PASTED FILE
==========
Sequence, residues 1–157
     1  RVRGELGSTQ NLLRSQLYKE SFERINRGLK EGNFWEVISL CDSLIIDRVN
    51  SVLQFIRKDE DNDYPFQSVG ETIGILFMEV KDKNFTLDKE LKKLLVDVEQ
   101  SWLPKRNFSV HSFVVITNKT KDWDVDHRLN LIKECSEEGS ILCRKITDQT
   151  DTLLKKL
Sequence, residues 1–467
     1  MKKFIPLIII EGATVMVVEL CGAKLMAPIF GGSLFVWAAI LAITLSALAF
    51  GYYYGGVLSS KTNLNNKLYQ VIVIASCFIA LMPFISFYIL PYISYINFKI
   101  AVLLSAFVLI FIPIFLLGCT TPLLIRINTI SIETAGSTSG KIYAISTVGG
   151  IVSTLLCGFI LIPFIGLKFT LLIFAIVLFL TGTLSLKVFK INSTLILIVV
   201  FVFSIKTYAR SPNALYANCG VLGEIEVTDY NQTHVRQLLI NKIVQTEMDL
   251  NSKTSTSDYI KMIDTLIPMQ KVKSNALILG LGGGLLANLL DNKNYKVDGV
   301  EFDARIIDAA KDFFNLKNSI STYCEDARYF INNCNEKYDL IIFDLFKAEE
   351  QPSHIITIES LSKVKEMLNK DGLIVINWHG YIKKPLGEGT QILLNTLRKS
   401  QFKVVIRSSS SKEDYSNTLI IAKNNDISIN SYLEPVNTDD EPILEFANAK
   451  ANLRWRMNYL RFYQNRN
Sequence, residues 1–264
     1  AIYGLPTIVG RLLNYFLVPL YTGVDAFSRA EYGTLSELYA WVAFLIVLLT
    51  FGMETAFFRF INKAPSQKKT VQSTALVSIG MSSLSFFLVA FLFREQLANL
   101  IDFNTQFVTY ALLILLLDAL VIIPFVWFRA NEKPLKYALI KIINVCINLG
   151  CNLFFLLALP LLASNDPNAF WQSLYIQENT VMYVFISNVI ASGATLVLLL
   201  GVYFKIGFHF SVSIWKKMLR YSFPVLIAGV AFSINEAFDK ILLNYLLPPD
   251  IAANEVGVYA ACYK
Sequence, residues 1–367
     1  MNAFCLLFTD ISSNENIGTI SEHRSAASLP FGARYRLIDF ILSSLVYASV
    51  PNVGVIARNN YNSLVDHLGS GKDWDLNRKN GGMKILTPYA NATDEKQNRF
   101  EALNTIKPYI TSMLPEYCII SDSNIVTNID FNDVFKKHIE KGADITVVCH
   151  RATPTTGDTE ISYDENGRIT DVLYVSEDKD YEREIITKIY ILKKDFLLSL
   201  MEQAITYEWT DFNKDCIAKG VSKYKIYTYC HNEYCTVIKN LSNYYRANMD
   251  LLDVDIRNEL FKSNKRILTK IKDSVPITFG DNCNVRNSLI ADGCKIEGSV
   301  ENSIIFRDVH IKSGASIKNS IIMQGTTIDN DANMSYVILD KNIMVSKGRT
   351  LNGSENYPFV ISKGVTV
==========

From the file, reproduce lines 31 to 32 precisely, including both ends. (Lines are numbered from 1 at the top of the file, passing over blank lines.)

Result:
   301  ENSIIFRDVH IKSGASIKNS IIMQGTTIDN DANMSYVILD KNIMVSKGRT
   351  LNGSENYPFV ISKGVTV